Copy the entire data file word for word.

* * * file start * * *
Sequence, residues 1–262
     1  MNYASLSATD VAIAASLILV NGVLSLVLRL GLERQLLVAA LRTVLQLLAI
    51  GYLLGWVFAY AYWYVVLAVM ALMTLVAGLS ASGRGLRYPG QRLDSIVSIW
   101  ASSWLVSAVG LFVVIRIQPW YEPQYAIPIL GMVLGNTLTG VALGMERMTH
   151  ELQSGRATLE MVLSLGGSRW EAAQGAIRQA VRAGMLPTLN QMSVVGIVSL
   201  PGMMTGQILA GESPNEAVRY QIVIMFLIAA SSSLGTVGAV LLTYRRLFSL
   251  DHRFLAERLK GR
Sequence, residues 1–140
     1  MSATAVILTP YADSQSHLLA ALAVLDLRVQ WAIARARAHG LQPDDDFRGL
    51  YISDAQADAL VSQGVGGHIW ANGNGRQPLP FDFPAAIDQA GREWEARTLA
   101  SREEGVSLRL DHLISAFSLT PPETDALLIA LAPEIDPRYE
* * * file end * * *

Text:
Sequence, residues 1–262
     1  MNYASLSATD VAIAASLILV NGVLSLVLRL GLERQLLVAA LRTVLQLLAI
    51  GYLLGWVFAY AYWYVVLAVM ALMTLVAGLS ASGRGLRYPG QRLDSIVSIW
   101  ASSWLVSAVG LFVVIRIQPW YEPQYAIPIL GMVLGNTLTG VALGMERMTH
   151  ELQSGRATLE MVLSLGGSRW EAAQGAIRQA VRAGMLPTLN QMSVVGIVSL
   201  PGMMTGQILA GESPNEAVRY QIVIMFLIAA SSSLGTVGAV LLTYRRLFSL
   251  DHRFLAERLK GR
Sequence, residues 1–140
     1  MSATAVILTP YADSQSHLLA ALAVLDLRVQ WAIARARAHG LQPDDDFRGL
    51  YISDAQADAL VSQGVGGHIW ANGNGRQPLP FDFPAAIDQA GREWEARTLA
   101  SREEGVSLRL DHLISAFSLT PPETDALLIA LAPEIDPRYE